“I have a feeling that drinking is a form of suicide where you’re allowed to return to life and begin all over the next day. It’s like killing yourself, and then you’re reborn. I guess I’ve lived about ten or fifteen thousand lives by now.”—Bukowski (via absurdreasoning)
The disappearance of mid-level jobs during the Great Recession, along with overall high unemployment, have made it hard for recent college graduates to find good jobs upon leaving school. More than 50 percent of college graduates under age 25 are either jobless or underemployed, according to an analysis from Drexel University and the Economic Policy Institute:
While there’s strong demand in science, education and health fields, arts and humanities flounder. Median wages for those with bachelor’s degrees are down from 2000, hit by technological changes that are eliminating midlevel jobs such as bank tellers. Most future job openings are projected to be in lower-skilled positions such as home health aides, who can provide personalized attention as the U.S. population ages.
Taking underemployment into consideration, the job prospects for bachelor’s degree holders fell last year to the lowest level in more than a decade.
Recent graduates are struggling to find mid- and high-level jobs upon graduating and are increasingly turning to jobs in restaurants and retail. As a result, median wages have dropped.
The high jobless and underemployment rate could have long-term consequences for the American economy. Total student loan debt surpassed $1 trillion this year, and the rate of delinquency on those loans is already disturbingly high. Though college graduates earn significantly more than workers with only a high school diploma, the inability of college graduates to find adequate employment could drive those delinquencies even higher. Worse yet, it could plague more workers with life-long debt, preventing them from forming new households or purchasing more consumer goods.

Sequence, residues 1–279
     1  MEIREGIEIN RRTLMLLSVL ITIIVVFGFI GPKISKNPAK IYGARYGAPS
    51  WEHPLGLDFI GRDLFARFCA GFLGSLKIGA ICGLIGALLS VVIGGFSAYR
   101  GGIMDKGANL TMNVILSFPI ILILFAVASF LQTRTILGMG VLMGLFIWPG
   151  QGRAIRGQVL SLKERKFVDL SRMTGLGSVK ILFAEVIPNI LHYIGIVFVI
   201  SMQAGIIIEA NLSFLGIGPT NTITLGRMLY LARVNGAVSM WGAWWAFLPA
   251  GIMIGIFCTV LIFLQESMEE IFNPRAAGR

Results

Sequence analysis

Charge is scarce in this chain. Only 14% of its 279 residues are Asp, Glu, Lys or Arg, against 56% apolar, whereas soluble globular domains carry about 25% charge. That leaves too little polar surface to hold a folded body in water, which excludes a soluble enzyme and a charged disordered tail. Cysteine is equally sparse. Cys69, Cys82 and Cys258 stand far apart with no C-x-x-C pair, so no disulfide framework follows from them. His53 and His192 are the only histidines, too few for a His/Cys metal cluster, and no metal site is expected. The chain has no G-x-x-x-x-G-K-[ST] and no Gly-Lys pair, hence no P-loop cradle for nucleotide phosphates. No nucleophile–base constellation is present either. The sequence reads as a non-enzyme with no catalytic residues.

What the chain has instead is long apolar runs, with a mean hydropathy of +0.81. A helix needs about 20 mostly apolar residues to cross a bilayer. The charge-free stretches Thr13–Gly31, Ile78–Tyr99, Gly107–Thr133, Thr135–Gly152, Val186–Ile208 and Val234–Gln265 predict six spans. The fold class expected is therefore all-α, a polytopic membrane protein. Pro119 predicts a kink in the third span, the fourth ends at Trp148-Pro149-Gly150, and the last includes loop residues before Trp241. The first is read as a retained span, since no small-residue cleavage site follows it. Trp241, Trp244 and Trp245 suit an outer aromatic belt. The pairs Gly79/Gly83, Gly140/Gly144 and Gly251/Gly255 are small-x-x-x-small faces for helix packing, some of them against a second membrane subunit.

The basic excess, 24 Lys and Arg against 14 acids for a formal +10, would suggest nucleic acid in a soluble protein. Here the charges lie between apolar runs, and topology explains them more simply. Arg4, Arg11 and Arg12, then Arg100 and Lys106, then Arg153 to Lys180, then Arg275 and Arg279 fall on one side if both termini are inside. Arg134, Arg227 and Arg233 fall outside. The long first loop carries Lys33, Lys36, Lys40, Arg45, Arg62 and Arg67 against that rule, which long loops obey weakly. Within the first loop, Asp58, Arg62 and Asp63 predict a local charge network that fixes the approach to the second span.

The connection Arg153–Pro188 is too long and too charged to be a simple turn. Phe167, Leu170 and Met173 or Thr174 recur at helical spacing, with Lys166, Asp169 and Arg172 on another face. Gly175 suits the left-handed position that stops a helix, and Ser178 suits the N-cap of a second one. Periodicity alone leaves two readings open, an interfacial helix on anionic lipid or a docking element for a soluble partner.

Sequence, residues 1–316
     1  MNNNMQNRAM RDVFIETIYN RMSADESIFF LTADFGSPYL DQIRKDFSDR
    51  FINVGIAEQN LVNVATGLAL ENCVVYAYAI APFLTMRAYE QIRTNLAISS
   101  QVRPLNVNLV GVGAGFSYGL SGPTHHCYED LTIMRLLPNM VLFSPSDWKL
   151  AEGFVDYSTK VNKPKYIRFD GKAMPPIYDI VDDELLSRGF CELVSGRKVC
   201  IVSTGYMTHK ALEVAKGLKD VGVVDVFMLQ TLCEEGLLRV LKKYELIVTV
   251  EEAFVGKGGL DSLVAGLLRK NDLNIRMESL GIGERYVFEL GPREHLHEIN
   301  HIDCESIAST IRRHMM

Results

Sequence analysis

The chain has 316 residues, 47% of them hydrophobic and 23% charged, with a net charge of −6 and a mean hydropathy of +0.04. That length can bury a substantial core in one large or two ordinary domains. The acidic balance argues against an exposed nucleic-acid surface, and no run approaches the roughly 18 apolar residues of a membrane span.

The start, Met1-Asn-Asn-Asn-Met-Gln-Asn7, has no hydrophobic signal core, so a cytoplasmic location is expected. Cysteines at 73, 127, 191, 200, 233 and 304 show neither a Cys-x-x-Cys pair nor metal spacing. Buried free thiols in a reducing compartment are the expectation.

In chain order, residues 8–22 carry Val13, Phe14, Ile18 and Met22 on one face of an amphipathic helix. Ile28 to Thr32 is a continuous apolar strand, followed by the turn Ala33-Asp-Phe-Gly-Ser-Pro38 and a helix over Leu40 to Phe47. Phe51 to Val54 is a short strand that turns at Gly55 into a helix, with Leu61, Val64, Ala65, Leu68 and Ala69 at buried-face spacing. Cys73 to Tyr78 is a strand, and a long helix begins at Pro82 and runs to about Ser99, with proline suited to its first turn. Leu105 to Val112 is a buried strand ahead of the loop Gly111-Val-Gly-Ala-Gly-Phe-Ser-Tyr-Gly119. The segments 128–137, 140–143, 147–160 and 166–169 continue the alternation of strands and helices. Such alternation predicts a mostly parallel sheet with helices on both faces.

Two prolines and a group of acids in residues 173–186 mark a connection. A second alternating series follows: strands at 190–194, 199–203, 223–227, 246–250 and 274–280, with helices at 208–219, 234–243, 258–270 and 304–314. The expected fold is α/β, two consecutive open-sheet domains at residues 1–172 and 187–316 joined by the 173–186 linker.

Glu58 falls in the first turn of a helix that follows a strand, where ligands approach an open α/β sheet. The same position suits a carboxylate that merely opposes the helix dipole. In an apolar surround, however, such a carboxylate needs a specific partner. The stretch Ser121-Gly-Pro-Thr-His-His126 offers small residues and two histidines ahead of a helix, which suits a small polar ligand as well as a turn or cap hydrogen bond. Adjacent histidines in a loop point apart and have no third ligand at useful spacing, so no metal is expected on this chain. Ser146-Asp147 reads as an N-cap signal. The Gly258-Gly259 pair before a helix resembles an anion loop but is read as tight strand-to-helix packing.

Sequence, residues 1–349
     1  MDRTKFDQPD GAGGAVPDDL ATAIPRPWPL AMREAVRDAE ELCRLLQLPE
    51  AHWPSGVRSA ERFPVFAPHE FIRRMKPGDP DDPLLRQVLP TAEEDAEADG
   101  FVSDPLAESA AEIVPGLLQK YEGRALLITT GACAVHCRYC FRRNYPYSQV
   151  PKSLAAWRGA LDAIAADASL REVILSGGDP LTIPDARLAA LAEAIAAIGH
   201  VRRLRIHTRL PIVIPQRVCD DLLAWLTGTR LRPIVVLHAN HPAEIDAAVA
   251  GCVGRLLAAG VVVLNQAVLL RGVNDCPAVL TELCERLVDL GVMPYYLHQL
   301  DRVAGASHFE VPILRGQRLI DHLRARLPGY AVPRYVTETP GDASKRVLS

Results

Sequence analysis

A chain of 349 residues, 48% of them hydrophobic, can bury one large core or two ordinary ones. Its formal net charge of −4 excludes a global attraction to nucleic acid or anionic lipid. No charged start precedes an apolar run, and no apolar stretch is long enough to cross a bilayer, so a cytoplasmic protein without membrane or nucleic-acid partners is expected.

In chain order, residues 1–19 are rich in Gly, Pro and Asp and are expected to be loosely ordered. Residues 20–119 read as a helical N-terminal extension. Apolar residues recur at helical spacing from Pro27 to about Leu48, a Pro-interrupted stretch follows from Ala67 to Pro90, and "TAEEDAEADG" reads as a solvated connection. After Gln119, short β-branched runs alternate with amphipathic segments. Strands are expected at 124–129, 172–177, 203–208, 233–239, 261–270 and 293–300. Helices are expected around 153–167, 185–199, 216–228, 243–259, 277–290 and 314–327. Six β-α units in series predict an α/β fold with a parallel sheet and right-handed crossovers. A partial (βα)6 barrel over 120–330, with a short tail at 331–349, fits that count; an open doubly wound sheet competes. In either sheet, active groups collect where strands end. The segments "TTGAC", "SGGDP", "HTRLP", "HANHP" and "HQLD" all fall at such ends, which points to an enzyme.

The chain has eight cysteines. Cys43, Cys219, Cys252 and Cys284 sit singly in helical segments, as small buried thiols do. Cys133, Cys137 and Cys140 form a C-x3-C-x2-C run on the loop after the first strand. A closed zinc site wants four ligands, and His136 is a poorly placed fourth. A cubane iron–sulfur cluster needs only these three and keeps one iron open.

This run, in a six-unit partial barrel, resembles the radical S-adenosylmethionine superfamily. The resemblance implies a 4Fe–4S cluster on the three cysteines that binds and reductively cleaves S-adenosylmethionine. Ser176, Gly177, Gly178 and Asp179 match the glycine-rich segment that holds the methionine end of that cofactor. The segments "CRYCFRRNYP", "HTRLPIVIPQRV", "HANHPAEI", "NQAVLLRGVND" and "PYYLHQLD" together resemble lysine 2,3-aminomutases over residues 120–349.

upon awakening discovered the winter, and not the spring had risen from the dead. considered the journey to incense and prayer bells and decided instead to wrap myself in wool blankets for another twenty-five minutes.
pinned dirty hair off my face, dusted with powder not the colour of my snow skin hummed and haw’d between cardigan and blazer. blazer.
traipsed past the presbyterian, in the opposite direction of the anglican and catholic, scuffing slush through the graveyard path on my way to the united church, home of a long ago little girl with blond curls singing jesuschristhasrisntooodayyyy…
she is not there anymore.
instead, i sit pressed up against the divide, the inside edge of an empty pew, expectant, waiting for…something. there is no procession, no ceremony, the minister intones that all are welcome, please don’t feel the need to hush your children, their voices are loved
but sadly what I craved was a pattern lips moving in unison a time to bend your knee, to turn, to bow the occupation of that particular mental space, the embodiment of wonder
instead I let my voice float choking tears knew that I would never go back longing for the structure or the family that was missing.
“There ought to be a man with a hammer behind the door of every happy man, to remind him by his constant knocks that there are unhappy people, and that happy as he himself may be, life will sooner or later show him its claws, catastrophe will overtake him—sickness, poverty, loss—and nobody will see it, just as he now neither sees nor hears the misfortunes of others. But there is no man with a hammer, the happy man goes on living and the petty vicissitudes of life touch him lightly, like the wind in an aspen-tree, and all is well.”—Anton Chekhov, Gooseberries (via doubtlr)
“The science of climate change is pretty clear at this point: our current path leads to catastrophe. There’s plenty of uncertainty on the details, particularly in how fast and how much carbon reductions could affect the outcome. But that basic fact — status quo means disaster — is not in serious dispute. What if it were an asteroid heading toward earth? What if it were a foreign power mustering an army to march on our shores? How would the media treat it then? Answer that question and you’ve answered how it would look to take climate seriously. Just to take a small example: the failure on both the international level and the U.S. level to muster any serious climate policy is inevitably described by mainstream reporters as “a blow to environmentalists,” as though it’s some boutique policy meant to benefit a special interest group. If reporters took climate change seriously, they would say, “the failure to secure serious climate policy makes widespread suffering and destabilization in the latter half of this century far more likely.” I call this the “and thus we’re f*cked” principle.”—What it means for media to take climate seriously (via azspot)